Justice for all? Or just those at the top of county courts
By JENNIFER MUIR BEUTHIN, Contributing Columnist
The image is universal and has been the central focus of countless movies and TV shows—a black-robed judge seated behind a bench, empowered to oversee the application of the laws of our state. It’s also a reality seen every day inside the five regional justice centers in Orange County. But there is much more to the administration of justice than what we usually see on a television or theater screen.
For every Superior Court judge in Orange County, there are nine dedicated professionals who work behind the scenes to ensure access for the thousands of parties who file cases in the court each year. Court clerks prepare the docket of cases to be called, provide information for judges and keep track of witnesses, attorneys and litigants. Court reporters keep an accurate and legally binding record of court proceedings, and legal processing specialists help county residents navigate the legal system in countless situations.
These are demanding jobs requiring specialized training and certifications in order to ensure fairness and timeliness for parties before the court with cases that can impact their freedom, financial future and even their lives.
It is therefore with significant frustration that I share with you how a court system charged with dispensing justice to all can, by choice, cavalierly treat its own essential workers so unfairly. Despite the outward appearance projected by the trappings of the court, inside there are two very different realities for court professionals. Here’s what‘s happening in every courtroom in Orange County.
- Take home pay for court workers has steadily decreased since 2011 while court executives and managers have received generous pay increases;
- Court reporters have been forced to work part-time, reducing available courtroom time for the public;
- Court executives pay very little in retirement costs while court workers pay 13 percent of every paycheck toward retirement;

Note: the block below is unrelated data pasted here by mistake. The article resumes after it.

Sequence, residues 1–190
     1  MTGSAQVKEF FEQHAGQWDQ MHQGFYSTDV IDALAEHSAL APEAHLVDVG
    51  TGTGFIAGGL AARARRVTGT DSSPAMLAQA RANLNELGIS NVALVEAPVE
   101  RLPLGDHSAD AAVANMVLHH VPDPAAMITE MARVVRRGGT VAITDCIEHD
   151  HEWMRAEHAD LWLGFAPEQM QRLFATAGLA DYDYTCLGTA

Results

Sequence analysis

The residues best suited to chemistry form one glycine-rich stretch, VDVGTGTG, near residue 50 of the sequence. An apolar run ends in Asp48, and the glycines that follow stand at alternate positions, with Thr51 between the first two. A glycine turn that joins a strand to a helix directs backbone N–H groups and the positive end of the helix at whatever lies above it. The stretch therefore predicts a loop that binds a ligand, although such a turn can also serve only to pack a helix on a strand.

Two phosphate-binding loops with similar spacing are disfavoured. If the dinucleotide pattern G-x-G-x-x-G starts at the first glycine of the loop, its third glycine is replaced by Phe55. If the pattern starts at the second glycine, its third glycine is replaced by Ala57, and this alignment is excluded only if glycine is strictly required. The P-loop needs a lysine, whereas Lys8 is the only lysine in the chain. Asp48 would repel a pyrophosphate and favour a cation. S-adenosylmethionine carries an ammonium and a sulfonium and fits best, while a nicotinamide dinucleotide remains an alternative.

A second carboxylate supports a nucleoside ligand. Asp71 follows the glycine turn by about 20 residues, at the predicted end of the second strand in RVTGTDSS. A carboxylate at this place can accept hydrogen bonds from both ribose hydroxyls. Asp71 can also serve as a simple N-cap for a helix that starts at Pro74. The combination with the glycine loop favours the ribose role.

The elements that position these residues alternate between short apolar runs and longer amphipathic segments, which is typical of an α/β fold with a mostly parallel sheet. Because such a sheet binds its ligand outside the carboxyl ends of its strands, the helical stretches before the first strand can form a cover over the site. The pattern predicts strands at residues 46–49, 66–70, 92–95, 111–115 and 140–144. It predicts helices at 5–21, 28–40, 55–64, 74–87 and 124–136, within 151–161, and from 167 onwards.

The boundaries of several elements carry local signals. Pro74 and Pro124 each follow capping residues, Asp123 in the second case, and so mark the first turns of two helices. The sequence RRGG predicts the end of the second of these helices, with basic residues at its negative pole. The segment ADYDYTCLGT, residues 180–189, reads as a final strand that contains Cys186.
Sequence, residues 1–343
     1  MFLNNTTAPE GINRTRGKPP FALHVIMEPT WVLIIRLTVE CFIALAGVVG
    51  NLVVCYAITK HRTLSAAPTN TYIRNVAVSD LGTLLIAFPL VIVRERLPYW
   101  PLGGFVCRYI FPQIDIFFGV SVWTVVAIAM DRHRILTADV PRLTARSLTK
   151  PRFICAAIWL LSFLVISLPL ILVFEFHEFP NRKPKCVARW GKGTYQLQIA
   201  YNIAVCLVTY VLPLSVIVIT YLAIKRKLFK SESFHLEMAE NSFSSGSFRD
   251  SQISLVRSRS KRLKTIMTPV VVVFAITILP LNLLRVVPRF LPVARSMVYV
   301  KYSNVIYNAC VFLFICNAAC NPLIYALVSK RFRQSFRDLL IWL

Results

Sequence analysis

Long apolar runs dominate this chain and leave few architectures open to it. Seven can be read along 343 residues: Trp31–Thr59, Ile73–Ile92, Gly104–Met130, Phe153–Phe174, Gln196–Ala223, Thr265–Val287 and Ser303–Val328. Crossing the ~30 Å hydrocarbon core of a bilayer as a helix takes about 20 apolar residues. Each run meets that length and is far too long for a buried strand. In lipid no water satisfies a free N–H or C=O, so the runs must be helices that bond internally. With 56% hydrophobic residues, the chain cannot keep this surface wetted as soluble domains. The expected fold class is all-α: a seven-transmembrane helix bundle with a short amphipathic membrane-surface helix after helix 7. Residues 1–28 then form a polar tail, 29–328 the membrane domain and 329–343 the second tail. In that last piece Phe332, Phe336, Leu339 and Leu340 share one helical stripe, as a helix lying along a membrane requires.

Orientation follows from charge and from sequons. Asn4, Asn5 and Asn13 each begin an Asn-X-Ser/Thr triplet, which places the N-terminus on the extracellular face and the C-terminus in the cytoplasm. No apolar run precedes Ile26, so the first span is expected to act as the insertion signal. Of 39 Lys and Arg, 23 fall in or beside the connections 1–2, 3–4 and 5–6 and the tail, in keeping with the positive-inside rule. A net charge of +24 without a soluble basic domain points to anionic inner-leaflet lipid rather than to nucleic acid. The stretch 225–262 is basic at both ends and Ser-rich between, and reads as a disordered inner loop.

- Executives schedule plenty of time off for themselves with no loss of pay but cut hours for court workers;
- Court workers at the Central Justice Center must often wade through a Civic Center homeless population on the way to work while executives have a private garage and elevator. Keep in mind these positions don’t pay the six-figure salaries court executives receive, far from it. I’m not suggesting they should, but essential court workers should be treated with the respect their dedication and professionalism deserve.
No one wants to work in an environment where dedication isn’t valued and where double standards are the rule. These abuses result in worker recruitment and retention problems that significantly impact Orange County residents when lack of personnel delays proceedings. It is not acceptable for justice to be compromised because essential workers are devalued.
The predictable response of court executives is to plead poverty and blame the state Legislature for the underfunding of California courts and their failure to treat court workers fairly. But pointing fingers at Sacramento is just an ongoing excuse for misplaced priorities. The truth is, the court has followed a deliberate strategy to reward its executives on the backs of its workers.
Orange County residents deserve a system of justice that is equitable to both the public who utilize the court system to seek justice and to those essential workers who help keep that system running smoothly. That means increasing access to justice for the residents of Orange County — not decreasing it by cutting hours of essential staff. It means providing fair compensation for court workers, instead of sitting idly by as their paychecks decrease year after year. It means honoring the phrase “justice for all” instead of “justice for all of us at the top.”
Jennifer Muir Beuthin is general manager of the Orange County Employees Association.
Publication Date: October 6, 2017